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Yeah I was thinking it could be the ADHD too. Some of the things haven't gotten better with Concerta though, and they do really bother me and interfere with my life.

To answer your questions:

1. Its important to me because I would like to know if my problems have a cause, or if I'm just... socially incompetent?

2. Yup.

3. I guess if I was diagnosed I could get some help with figuring out some strategies for my life.

I'll write more later.

Thanks for the reply.

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No problem. Since what you described is causing problems, then expressing such feelings to your doctor could benefit. There's a lot of different Therapy options for people on the Spectrum to help with the specific symptoms. But remember even if you don't get diagnosed, you can still try those therapies.

Treat the symptoms, thats the important part.


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Labeling or categorizing something does not give it a cause. This is such a prevalent misconception people have about diagnoses. Diagnosis X is originated as a simple term to refer to people who have such and such symptoms. As the term is used more and more to identity people who have these symtoms, eventually some people start feeling that their symptoms are "because" of this diagnosis. This is pure circular logic.

My point is, if you figure out (somehow) that you "are" Asperger's (I think I am too), this does not give you a cause to track down and fix. It simply means you've identified yourself as having in common a set of traits that exists in a lot of people. It may very well help you start connecting parts of yourself that you hadn't connected before, and give you a framework to think about how you are different from some other people, and if some of these traits bother you than this is good, it helps clarify for you the ways in which you'd like to change and grow. But you shouldn't look to this diagnosis as telling you whether such traits are good or bad, or why you have them. The jury is out.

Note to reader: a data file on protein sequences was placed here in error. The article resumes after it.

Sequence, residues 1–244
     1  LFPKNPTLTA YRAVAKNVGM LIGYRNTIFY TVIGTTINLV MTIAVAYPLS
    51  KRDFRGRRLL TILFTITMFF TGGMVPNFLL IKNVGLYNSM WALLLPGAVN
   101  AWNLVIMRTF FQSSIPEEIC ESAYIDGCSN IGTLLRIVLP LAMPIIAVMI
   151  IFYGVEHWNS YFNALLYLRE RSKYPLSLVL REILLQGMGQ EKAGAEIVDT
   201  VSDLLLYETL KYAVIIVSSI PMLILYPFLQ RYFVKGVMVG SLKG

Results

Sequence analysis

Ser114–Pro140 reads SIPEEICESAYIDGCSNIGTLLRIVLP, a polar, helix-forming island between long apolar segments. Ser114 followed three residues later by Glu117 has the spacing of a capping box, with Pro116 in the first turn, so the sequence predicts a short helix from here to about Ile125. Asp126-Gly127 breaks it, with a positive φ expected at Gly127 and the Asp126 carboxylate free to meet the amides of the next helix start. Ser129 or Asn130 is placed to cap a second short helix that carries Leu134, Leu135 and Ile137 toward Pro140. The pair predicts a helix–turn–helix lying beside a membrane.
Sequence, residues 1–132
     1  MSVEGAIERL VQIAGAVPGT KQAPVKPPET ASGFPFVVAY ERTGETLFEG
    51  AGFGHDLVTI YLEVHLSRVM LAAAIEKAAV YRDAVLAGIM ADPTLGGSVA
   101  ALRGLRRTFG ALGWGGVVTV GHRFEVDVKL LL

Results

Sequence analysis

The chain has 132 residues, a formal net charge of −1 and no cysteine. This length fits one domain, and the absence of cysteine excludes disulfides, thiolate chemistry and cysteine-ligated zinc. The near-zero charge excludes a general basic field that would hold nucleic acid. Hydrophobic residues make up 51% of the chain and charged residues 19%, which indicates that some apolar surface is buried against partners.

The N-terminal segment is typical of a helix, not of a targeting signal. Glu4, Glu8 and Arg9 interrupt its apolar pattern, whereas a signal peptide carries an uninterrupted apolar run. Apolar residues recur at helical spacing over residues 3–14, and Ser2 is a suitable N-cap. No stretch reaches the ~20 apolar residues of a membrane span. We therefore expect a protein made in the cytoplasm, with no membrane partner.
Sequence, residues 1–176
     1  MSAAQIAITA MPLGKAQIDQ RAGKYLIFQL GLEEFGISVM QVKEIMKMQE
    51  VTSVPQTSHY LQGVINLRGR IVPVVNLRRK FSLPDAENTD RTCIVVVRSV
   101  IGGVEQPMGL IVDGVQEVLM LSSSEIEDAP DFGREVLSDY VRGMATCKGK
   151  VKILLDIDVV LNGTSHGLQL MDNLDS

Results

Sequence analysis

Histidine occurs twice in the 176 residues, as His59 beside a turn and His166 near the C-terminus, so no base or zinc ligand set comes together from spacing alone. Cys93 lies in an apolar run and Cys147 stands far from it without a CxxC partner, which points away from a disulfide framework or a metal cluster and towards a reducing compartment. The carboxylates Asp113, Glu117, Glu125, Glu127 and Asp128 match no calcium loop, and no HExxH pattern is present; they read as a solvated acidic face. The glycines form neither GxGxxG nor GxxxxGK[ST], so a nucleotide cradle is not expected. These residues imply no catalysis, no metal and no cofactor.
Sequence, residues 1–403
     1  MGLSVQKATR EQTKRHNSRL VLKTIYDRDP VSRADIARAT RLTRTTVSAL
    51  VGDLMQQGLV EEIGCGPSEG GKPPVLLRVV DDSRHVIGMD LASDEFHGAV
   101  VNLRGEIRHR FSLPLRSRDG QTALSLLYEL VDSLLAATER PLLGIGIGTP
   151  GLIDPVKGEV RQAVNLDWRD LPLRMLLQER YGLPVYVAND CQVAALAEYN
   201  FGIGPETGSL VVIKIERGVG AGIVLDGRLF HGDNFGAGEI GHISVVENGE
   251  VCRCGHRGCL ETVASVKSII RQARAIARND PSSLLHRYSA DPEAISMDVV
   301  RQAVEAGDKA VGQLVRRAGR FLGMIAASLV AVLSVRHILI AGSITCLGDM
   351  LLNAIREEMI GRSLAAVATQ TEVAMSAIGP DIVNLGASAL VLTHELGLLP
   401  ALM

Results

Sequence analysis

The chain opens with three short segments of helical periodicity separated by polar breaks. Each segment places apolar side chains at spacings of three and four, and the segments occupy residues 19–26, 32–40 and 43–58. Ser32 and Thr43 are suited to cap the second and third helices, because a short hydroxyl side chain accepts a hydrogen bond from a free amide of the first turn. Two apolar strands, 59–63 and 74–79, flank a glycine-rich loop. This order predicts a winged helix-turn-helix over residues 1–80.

In my *opinion* (trying to avoid major backlash, not entering into any debate), many "autistic spectrum" traits are primarily developmental in the sense that they are not set in stone but coincide with the types of learning that occurs in one's experience, and these traits do not represent some permanent incapacity to learn different ways of experiencing and existing. The more "inward" styles of experiencing and thinking that are characteristic of the autistic spectrum may originate in different physiology (i.e. different genes) or may originate in some subtle or unsubtle aspects of very early development, but I believe they are learned ways of thinking and modeling the world. If there is something you have come to see about yourself that you don't like, you can learn different ways.

Ack. No matter how I say this I fear a potential backlash from people with different beliefs about this stuff. All I'm saying is, don't fall into the trap of thinking there are negative aspects of your mind that you are just stuck with because you "have" some disorder or syndrome. If you can be aware enough of them to be bothered by them, you can work on changing them.

Oh and it's worth adding, the word "syndrome" is bullshit. There is nothing inherently wrong with many Asperger's traits unless they cause real problems for the individual (in which case the individual can focus on adapting and changing). I think of Asperger's as more of a type of personality than a negative classification. But that's just me.